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Market readies for ballast water challenges

A Lloyd's List webinar sponsored by Hyde Marine examined how ready the industry is to comply with the Ballast Water Management Convention. DNV GL, Carnival, V.Ships and BEMA participated in a lively debate

THE shipping industry has raised concern over the introduction of the new Ballast Water Management Convention regulation.

One of the main complaints is that the quality of the available ballast water treatment systems has been below par, though those producing and assessing the technology are confident that the systems market is ready, while warning that the significance of training and proper selection of systems can still be underappreciated.

Hyde Marine senior market manager Mark Riggio said during the webinar that today around 30 to 40 manufacturers in the world are delivering at least decent product in the market.

DNV GL maritime senior engineer for environmental protection Liliana Castro agreed that the quality of the systems has improved considerably over the years, as has testing and knowledge of the systems.

Mr Riggio said manufacturer themselves had learned by observing how shipowners behave, and crews operate systems and as well as from the consequences of some of their actions to improve their systems

“The question to me is whether the shipping side is ready for the workload that is associated with the installation, procurement and eventually the operation of these systems on those ships,” he said.

Ballast Equipment Manufacturers Association secretary-general Marcie Merksamer noted that while the sector has come across systems lacking technical capability for longevity, many of the systems are adaptations of advanced technology used in land-based applications.

“What I think we have to think about to set that there was a period of adaption of the technology to the shipboard environment,'' she said, explaining that a lot of things emerge during that period.

But the question of quality cannot be limited to self and aspects like installation and selection, are crucial according to Ms Merksamer.

Selection of systems is particularly crucial and is a highly subjective matter that depends on the vessel type and trade.

Carnival Cruise Line has so far installed BWTS on eight of its vessels, all of them UV filtration. The company’s senior director for technical programs Ross Kanzleiter said that on cruiseships there is a premium on space given how many pieces of equipment there are on board.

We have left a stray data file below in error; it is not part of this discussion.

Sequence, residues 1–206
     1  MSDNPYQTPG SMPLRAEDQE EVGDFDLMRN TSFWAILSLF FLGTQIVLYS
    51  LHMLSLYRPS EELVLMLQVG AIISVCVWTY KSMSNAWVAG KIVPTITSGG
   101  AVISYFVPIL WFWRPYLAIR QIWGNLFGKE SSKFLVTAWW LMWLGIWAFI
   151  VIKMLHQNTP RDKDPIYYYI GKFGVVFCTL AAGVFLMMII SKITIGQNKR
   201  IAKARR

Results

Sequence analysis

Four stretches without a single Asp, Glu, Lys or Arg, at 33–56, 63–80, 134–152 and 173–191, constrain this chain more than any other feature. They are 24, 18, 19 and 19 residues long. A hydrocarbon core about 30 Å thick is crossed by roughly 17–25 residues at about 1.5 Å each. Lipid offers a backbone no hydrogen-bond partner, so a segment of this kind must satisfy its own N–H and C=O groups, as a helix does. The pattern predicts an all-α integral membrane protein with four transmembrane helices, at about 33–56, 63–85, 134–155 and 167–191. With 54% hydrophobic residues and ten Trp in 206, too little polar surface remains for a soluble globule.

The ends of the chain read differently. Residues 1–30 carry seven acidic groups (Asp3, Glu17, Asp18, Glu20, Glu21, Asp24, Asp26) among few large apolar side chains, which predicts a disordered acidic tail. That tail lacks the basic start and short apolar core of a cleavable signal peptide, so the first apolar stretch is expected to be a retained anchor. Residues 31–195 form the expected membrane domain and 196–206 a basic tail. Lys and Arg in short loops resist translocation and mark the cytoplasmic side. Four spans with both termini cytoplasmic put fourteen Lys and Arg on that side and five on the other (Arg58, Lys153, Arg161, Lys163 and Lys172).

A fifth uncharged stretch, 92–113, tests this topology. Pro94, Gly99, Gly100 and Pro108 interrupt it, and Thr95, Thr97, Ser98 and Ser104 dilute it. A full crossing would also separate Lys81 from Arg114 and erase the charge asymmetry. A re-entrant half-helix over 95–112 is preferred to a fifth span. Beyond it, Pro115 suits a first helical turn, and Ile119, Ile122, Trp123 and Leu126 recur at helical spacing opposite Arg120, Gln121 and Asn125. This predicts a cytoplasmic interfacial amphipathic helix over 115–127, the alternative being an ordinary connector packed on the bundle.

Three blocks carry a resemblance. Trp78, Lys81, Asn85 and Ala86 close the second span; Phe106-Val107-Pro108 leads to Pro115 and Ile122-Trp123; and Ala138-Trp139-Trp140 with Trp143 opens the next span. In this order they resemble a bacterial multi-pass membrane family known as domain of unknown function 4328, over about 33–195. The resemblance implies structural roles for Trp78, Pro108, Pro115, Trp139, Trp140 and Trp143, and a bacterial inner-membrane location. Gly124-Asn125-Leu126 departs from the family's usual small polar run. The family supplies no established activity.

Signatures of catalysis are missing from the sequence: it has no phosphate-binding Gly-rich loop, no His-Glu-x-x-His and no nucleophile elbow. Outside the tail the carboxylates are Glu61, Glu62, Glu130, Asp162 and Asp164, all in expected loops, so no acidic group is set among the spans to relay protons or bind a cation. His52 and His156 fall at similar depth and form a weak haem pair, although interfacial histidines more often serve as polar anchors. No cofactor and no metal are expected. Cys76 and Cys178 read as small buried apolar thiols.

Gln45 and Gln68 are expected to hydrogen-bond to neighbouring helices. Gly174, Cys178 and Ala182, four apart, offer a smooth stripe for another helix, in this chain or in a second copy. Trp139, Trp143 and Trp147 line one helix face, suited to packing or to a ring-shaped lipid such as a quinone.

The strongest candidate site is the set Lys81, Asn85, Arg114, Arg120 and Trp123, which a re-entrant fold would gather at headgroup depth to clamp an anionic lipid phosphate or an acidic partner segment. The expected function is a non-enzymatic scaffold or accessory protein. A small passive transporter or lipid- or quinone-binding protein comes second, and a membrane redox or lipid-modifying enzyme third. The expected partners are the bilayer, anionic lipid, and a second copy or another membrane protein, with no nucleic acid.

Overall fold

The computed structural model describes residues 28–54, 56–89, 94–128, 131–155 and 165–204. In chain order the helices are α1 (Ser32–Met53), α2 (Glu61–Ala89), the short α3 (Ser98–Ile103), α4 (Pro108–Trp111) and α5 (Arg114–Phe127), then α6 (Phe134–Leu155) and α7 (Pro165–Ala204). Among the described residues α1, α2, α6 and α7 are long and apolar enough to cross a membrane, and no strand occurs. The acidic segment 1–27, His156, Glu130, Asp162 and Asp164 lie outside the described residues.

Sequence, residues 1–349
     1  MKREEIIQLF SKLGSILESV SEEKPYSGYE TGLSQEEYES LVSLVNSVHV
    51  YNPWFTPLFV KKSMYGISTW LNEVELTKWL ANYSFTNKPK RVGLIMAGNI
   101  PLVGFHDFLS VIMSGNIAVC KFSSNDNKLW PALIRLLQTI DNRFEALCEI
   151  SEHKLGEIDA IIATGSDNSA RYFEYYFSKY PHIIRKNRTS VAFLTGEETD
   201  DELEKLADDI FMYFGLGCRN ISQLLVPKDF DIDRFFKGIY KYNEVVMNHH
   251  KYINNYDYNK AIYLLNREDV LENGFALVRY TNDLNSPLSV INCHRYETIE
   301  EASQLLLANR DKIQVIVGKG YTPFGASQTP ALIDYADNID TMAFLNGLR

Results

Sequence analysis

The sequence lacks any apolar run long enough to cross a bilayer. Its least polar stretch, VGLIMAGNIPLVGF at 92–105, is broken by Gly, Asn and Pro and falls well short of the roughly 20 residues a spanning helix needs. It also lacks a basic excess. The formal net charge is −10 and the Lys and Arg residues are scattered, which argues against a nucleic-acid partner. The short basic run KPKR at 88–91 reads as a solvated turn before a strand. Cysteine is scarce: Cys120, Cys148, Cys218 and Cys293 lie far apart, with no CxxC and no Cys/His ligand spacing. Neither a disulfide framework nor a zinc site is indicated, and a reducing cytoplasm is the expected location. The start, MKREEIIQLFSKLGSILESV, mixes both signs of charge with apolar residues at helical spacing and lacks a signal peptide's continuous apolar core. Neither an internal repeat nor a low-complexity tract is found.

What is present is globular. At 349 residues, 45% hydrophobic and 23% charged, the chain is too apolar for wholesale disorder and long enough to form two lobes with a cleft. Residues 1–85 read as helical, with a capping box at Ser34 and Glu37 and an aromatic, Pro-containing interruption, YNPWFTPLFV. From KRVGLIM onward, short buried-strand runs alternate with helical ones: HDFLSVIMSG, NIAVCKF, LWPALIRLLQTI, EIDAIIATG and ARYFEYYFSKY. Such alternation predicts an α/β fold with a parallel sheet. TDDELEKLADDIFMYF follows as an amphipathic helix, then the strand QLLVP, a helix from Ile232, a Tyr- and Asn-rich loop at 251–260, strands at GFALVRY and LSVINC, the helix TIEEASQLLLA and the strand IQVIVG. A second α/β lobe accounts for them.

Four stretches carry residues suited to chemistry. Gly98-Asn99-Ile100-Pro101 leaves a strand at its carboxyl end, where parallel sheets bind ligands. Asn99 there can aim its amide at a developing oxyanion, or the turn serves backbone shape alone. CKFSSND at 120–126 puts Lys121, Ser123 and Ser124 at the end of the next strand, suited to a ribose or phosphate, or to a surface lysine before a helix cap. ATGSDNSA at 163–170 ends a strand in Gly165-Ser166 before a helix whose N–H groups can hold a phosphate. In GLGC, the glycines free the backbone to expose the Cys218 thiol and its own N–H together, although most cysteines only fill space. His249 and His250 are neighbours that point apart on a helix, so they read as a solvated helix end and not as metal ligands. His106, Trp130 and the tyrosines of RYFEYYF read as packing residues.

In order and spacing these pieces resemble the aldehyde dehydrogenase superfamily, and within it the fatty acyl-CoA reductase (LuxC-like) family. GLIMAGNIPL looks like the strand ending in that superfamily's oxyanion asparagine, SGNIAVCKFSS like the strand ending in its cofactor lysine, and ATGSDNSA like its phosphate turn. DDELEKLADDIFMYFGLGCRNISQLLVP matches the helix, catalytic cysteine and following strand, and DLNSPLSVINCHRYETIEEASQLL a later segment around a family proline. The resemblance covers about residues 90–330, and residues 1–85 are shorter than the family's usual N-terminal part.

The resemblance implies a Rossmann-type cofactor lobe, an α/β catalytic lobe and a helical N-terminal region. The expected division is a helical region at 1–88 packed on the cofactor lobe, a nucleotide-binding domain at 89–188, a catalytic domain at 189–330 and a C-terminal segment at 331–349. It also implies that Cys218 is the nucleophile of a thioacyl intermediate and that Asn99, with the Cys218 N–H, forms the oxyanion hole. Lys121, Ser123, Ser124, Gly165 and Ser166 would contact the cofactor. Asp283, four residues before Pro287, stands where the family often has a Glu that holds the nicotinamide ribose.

“The footprint is a major factor [in choosing a system] and the flexibility within that footprint of locating parts in different locations,” he said.

With the US Coast Guard having a separate approval regime to the IMO, USCG-type approval is considered a golden ticket for manufacturers.

Mr Riggio warned, however, that simply installing a USCG-type approved system on a vessel may not be the most beneficial move for those shipowners who are highly unlikely to operate in US waters, as these systems may have greater energy demands that can unnecessarily make operations more challenging.

While in a technical sense, USCG-type approved systems may not be suitable for all vessels, commercially they are likely to have a greater value.

V.Ships global head of technical John Kerr said that a lot of their clients want to sell their vessels later on. “By putting a system on that restricts the vessel’s trading pattern you are having an impact on the potential sale value in the future,” he explained.

Ballast Water Management Convention webinar

But arguably, equally if not more important is the operation of the system by crews.

Mr Kerr argued that it is a critical component of the preparation that is still underestimated. He claimed V.Ships has a comprehensive training process for its crews, starting with a more generic training course and then on to more specific regimes depending on the type of vessel and system.

Manufacturers, however, can also play a role here. “One of the things shipowners do overlook when selecting systems is how easily those systems can be integrated into any automation system that exists in those ship,” Mr Riggio said.

As vessels become increasingly complicated and difficult to manage, manufacturers must recognise that if they introduce more manual processes into seafarers’ busy day they run the risk of creating more problems, he said.

You can listen to the Lloyd’s List webinar: Ballast Water Management Convention: Early learnings and final preparations here.

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